In Richmond, Towering Symbols of 'Psychological Terrorism' Fall
Reporting for this story was by Roberto Roldan and Craig Carper. Additional audio provided by Steve Humble and Crixell Matthews. It was written by Catherine Komp, edited by Sara McCloskey, voiced by Craig Carper and mixed by Ian Stewart. Digital editing by David Streever.
At a special meeting Wednesday morning, Richmond Mayor Levar Stoney asked City Council members to back the immediate removal of Confederate monuments. He said they pose a risk to public safety because of the pandemic and attempts by protestors to take them down.
“It's just time. Since the end of Richmond's official tenure as the capital of the Confederacy some 155 years ago, we have been burdened with that legacy,” said Stoney. “The great weight of that burden has fallen on our minority residents, our people of color in the city, but also placed the weight on all of our brothers and sisters who saw the unmet potential for Richmond become an international example of a diverse, compassionate, and inclusive community.”
Stoney said he believed he had the authority under the current State of Emergency to remove them on his own. He attempted to get City Council to vote on the resolution right away, but that isn’t allowed by local law. The Council voted to revisit it the next day.
But about an hour later, heavy machinery appeared around the Stonewall Jackson statue on Monument Ave and Arthur Ashe Boulevard. The mayor had made his decision.
Surprise Removal Draws Hundreds
Crews used a crane and giant cherry picker to reach the top of the 130-year-old bronze statue, and tied heavy duty straps around the horse’s body. The growing crowd kept their eyes on the work to remove the statue safely.
City Council member Michael Jones was there, showing his daughter the scene through video chat. He told VPM, he stands with the mayor.
“Three years ago when we started this, wasn’t a lot of people standing with us,” said Jones. “So these are all the people standing with me today, and so I’m standing with them, we’re standing together. It’s humbling to be a part of history.”
Jones, and city council member Stephanie Lynch, have both recently pushed to have the Confederate monuments removed. Through tears, Lynch said the removal was symbolic of the legislative work underway to undo systemic racism in the former Capital of the Confederacy.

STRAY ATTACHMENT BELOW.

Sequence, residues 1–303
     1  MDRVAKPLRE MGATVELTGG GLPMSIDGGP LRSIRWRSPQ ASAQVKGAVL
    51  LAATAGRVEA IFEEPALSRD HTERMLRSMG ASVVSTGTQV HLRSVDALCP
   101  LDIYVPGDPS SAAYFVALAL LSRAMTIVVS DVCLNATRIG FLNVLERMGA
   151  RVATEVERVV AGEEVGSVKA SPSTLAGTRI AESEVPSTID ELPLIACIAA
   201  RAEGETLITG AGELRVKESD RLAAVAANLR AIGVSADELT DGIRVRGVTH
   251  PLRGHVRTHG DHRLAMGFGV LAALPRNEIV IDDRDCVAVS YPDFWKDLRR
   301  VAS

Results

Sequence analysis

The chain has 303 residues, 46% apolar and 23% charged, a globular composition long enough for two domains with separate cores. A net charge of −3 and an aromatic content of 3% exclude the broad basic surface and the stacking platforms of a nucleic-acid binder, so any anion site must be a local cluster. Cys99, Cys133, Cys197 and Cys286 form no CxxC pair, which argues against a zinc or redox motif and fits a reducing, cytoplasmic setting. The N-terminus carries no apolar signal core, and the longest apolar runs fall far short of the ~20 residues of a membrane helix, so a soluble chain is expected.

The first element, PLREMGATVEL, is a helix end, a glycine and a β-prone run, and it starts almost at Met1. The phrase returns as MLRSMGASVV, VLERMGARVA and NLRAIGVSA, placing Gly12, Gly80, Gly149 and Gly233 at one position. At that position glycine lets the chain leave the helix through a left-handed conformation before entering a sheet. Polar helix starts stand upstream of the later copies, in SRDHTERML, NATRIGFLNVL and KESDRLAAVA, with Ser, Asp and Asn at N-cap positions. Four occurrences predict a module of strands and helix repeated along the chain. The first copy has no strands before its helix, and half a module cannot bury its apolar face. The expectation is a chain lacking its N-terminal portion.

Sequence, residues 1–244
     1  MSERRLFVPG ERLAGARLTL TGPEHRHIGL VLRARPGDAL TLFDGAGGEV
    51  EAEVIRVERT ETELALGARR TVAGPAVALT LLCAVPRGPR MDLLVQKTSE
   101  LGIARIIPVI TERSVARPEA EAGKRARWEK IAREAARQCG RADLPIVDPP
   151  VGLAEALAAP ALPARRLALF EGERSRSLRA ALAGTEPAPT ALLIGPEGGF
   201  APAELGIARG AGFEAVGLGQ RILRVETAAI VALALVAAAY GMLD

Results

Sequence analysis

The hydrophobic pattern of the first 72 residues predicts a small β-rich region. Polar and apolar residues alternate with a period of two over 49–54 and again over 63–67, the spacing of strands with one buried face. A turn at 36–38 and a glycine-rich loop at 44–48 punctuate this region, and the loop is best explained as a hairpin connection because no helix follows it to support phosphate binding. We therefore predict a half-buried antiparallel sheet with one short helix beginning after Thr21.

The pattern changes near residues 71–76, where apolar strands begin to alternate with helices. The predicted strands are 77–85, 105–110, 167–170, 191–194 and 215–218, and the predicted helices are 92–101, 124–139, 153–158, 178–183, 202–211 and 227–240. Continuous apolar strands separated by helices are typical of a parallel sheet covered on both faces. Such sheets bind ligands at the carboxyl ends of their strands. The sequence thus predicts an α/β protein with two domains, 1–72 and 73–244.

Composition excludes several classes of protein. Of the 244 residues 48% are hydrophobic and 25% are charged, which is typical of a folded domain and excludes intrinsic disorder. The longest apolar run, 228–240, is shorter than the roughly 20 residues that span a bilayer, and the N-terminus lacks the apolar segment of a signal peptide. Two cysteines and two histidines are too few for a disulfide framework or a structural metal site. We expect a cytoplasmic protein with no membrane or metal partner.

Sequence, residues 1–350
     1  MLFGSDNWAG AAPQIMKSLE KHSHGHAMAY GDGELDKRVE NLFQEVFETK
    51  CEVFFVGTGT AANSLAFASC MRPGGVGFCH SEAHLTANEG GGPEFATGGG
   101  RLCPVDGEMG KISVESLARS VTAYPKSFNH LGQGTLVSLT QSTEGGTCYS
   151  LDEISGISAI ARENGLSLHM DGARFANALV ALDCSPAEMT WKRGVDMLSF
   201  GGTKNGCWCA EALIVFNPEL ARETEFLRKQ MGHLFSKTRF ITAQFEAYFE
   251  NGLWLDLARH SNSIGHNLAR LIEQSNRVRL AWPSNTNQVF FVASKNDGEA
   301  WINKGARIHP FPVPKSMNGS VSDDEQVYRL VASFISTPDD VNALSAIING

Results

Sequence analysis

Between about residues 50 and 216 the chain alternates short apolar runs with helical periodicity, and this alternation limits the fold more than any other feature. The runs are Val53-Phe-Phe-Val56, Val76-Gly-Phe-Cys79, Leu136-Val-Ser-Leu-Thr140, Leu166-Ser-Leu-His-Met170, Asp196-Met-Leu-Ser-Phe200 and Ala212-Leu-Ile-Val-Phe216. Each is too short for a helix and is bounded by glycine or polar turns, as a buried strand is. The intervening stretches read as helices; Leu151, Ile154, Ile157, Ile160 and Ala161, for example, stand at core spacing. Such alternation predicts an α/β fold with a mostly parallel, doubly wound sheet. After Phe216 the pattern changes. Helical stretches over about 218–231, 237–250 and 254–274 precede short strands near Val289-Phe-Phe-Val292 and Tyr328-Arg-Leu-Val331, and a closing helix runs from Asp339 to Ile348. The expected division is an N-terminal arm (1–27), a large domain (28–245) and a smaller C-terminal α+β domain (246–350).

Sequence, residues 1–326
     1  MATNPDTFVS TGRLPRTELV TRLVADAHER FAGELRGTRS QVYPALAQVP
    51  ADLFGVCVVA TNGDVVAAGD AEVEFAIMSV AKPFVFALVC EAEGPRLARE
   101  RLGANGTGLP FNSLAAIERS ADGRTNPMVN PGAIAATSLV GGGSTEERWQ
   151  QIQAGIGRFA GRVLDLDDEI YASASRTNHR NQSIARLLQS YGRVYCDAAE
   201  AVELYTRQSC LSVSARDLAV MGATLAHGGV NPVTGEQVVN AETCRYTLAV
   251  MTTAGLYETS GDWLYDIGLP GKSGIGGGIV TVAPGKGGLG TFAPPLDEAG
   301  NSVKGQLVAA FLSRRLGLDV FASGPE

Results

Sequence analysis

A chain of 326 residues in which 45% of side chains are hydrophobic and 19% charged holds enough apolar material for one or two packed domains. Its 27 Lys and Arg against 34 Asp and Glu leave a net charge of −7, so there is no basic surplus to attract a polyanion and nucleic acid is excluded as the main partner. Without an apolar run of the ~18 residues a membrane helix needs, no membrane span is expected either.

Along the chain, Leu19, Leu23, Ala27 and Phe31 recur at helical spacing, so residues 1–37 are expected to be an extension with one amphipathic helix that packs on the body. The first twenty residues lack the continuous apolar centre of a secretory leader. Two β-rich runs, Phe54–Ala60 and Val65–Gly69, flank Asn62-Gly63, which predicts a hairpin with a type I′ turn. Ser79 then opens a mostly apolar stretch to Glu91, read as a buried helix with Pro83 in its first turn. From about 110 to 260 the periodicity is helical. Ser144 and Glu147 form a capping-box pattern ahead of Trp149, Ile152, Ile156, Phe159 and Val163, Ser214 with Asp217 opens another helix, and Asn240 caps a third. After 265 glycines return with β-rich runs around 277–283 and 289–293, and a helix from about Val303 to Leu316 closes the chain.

“Richmond is no longer the Capital of redlining. It’s no longer going to be the Capital of evictions. It's no longer going to be the Capital of incarceration. We have so many systems and institutions that we need to continue to work on,” Lynch said.
Trauma Lifts, As Symbols of Racism Fall
Musician Beth Almore was seated in a folding chair with her cello, as the crowds swelled. She’s a music teacher at Richmond Public Schools and has been playing at the Lee statue regularly. She said the Confederate statues are psychological terrorism.
“I think it's a very great day that they’re coming down. I know that this is not the end of the story in terms of the search for social justice but it’s an extremely powerful symbol. I think that’s obvious by the fact that there were armed white supremacists here just a few days ago trying to defend it. So clearly symbols matter,” said Almore.
It was also an emotional afternoon for State Senator Jennifer McClellan, who said it didn’t seem real until she walked up.
“I never realized how much emotional energy I spent ignoring them because of the trauma that they caused and when I saw this, I feel a wave of relief that I don’t have to do that anymore. I’ve cried at least once,” said McClellan.
The skies darkened and the crowds thinned a bit, but the crew kept at it. And after about three and a half hours, as thunder punctuated the moment, the statue of Stonewall Jackson was lifted off its pedestal. As the rain poured down, the bells from Richmond's First Baptist Church rang out.
The statue of Jackson was laid on a flatbed truck, and taken to a secure site. The removal came on the same day a new state law went into effect giving localities the authority to decide the fate of war memorials. Richmond’s City Council will meet in the coming weeks to deliberate the future of the Confederate monuments, those removed and those still standing.